Former President Donald Trump’s legal strategy contradicts conventional wisdom that money can buy the best defense. From the pre-election and post-election litigation to the Senate impeachment proceedings this week, Trump’s legal team has employed strategies that range between sanctionable and incapable.
Trump attorneys Bruce Castor and David Schoen took Congress – and everyone watching at home – on a wild, meandering ride.
The first day of the trial revolved around whether it is even constitutional to indict a former federal official. Spoiler alert – that’s it. Ultimately, a majority of the senators agreed. But not before Trump attorneys Bruce Castor and David Schoen took Congress – and everyone watching at home – on a wild, meandering ride.
It’s no surprise that Trump was reportedly disappointed with his lawyers’ efforts. Anyone who watched would have been – and what Twitter looked like, a lot of lawyers watched.
Castor’s sprawling, incoherent, and inaccurate opening speech is a perfect microcosm for this trial: the facts, law, and constitution are all on the side of the house – and none of it will matter as enough Republicans will let Trump off the hook.
– Steve Vladeck (@steve_vladeck) February 9, 2021
In the words of Senator Bill Cassidy, R-La., Trump’s defense team did an “awful job”.
Castor, who first argued on Trump’s behalf, stated with certainty that the team changed their strategy at the last minute due to the strength of the House impeachment manager case. This is an enigmatic revelation, even for a legal team that was assembled by Trump’s first team just a week ago after the mass exodus. Puzzling because the property manager’s presentation was powerful and emotionally convincing, but it contained no surprises. All arguments from Rep. Jamie Raskin, D-Md. And Company are set out clearly in their briefs.
Castor continued, but while we heard many words, we heard few arguments. Again, the only question before the Senate on Tuesday was whether the impeachment process was constitutional. Trump’s legal team did not really provide a way to conclude that a lawsuit was not constitutional. As Cassidy put it, “You went out of your way to talk about this question.” Cassidy wasn’t alone. Senator Lisa Murkowski, R-Alaska, said she was “stunned” and frankly confused. Senator John Cornyn, R-Texas, echoed his colleagues’ comments, saying Cantor “just went on and on and on and didn’t really address the constitutional argument”.
To be fair, oral arguments can be difficult, and that process is far from over. Maybe Castor was just nervous? It’s possible, but highly unlikely, given what we’ve already seen in writing from this team. (Yes, this includes those submissions where “USA” is misspelled.)
Those senators looking for strong legal or political arguments will not find any in the paperwork. For example, Rep. Joe Neguse, D-Colo., One of the House’s nine impeachment executives, pointed out that the Trump team’s mandate completely misrepresents the precedent of former Secretary of War William Belknap. Belknap, who resigned shortly before his impeachment trial in the late 19th century, provides strong evidence as to why Trump can be charged, not the other way around.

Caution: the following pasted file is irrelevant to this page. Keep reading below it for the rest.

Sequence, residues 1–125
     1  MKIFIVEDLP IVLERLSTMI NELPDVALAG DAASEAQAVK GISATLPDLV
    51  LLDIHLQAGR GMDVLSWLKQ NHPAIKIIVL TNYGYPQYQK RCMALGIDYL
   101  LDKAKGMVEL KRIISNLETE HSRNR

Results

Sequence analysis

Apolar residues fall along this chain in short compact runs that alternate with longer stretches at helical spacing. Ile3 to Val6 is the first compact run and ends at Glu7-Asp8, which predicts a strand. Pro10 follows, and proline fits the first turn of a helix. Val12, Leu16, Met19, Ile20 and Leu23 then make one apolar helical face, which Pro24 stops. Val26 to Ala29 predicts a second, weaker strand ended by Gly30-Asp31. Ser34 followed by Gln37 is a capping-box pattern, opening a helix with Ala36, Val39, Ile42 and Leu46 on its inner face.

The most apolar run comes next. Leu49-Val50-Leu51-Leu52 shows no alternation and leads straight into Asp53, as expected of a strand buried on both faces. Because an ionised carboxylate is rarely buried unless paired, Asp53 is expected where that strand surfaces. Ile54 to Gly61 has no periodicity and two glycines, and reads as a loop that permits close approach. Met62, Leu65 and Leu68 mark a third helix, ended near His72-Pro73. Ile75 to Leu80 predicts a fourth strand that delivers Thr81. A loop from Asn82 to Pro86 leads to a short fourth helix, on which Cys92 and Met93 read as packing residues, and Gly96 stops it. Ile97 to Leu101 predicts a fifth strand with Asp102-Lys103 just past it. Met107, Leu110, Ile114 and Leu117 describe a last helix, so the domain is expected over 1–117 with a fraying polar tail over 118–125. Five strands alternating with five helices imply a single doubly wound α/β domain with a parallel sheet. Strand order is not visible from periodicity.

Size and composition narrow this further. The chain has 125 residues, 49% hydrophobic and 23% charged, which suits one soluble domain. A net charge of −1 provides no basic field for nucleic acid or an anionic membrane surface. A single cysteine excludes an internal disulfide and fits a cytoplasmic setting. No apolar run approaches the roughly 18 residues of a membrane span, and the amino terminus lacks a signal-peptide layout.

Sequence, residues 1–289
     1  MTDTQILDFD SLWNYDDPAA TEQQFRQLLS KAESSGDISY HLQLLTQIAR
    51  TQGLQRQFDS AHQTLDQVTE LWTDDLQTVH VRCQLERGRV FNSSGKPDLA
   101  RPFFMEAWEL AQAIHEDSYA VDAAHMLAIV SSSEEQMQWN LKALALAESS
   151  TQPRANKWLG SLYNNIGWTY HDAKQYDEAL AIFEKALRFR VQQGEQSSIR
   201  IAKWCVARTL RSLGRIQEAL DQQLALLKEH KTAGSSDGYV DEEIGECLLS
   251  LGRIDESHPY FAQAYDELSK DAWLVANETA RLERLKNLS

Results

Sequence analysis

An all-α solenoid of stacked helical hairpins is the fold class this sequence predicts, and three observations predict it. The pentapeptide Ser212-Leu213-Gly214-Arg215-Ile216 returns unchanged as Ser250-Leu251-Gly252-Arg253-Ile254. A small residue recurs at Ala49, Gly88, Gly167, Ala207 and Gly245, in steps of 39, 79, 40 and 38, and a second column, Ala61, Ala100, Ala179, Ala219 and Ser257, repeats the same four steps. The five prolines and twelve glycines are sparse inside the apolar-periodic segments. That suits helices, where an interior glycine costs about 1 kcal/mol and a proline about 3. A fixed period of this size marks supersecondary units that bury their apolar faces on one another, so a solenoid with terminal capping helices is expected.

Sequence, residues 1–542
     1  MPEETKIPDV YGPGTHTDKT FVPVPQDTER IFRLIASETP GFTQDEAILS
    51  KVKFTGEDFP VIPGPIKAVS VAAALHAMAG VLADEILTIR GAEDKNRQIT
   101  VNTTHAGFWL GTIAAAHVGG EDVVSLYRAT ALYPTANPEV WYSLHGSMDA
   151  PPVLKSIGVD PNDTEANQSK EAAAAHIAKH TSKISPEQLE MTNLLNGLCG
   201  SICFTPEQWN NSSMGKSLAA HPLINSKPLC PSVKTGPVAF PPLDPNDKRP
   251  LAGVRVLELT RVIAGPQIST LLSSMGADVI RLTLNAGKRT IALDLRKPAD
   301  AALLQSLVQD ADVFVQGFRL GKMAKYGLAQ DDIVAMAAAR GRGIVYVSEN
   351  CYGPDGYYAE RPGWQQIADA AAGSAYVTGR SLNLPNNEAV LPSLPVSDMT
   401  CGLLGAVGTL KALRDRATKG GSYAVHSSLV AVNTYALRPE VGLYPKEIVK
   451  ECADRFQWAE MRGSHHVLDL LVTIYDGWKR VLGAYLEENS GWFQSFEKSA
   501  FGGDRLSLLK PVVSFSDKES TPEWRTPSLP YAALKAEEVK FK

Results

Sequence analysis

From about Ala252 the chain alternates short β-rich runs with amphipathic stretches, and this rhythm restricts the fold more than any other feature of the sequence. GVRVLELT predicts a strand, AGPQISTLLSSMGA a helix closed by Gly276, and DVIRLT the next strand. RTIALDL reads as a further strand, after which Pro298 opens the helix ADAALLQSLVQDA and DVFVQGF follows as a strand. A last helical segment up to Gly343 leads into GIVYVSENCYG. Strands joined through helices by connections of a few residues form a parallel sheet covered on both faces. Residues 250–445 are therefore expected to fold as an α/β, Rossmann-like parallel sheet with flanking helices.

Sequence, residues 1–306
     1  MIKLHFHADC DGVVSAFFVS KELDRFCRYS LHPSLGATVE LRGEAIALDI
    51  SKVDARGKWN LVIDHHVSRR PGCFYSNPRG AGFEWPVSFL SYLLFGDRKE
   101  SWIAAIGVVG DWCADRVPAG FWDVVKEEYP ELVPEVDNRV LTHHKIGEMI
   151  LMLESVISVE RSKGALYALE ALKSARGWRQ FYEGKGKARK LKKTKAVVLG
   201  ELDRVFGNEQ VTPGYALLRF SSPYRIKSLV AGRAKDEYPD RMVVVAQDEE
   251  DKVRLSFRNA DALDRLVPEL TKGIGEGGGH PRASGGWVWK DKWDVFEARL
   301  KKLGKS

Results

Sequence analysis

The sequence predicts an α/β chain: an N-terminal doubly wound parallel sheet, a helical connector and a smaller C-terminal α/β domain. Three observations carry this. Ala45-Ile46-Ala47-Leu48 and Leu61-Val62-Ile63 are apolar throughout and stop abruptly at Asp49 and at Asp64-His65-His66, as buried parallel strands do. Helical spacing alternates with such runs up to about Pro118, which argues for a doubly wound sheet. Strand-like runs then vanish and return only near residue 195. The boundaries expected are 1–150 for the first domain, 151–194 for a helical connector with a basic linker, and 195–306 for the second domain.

In another example, Trump’s legal team repeatedly cited and distorted the writings of Brian Kalt, a law professor at Michigan State University. Kalt described the Trump team’s confidence in his writing as “sloppy to insincere”.
This isn’t the first time Trump’s legal team has dealt with less than salute legal arguments. We just have to go back to the recent history of his impeachment litigation for a few weeks. In the weeks following the election, Trump’s legal team spread lies, falsehoods and conspiracy theories. Its legal “filings” have been routinely and flatly rejected. Trump attorney Lin Wood could face a lockdown. An ethics complaint has been filed against former Trump legal advisor Rudy Giuliani. The Michigan governor has requested the lockdown of another member of the Trump legal team, Sidney Powell.
People ask me if I am going to teach one of the post-election disputes in an electoral class or a political class. And the answer is no. Trump’s post-election papers have not raised any real franchise issues. Instead, we should post-election teaching in professional responsibility classes. Wood, Giuliani and Powell offered a master class on how not to behave as a member of the bar.
Likewise, the actions of the Trump impeachment team should be taught in a litigator class rather than a constitutional law class. Again, they provide the perfect picture of what not to do. First, don’t lie and misrepresent it in your records. Second, don’t make silly mistakes that do nothing but undermine your credibility. Third, address the actual legal issue. No more and no less.
The reality, of course, is that Trump’s impeachment team, in all its clumsy and potentially insane glory, is likely to win this case. In contrast to post-election litigation, which was settled in courtrooms, the outcome of impeachment proceedings is determined in a political forum. The Senators, not just judges or jury in the traditional sense, will decide whether Trump will engage in incontestable behavior when he sends an angry mob to storm the Capitol. While there is so much uncertainty in this world, the outcome of this fall is as good as predetermined.
And so the really depressing part of this story isn’t the bad legal profession – it’s that not even a naked incompetent case could sway Republicans’ minds.